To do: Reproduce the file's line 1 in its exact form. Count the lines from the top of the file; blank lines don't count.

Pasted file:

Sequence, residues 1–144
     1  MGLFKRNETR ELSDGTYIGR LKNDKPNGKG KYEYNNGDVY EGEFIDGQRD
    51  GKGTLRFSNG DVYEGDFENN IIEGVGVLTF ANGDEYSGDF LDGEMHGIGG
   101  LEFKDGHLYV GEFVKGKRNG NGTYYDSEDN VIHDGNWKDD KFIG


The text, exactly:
Sequence, residues 1–144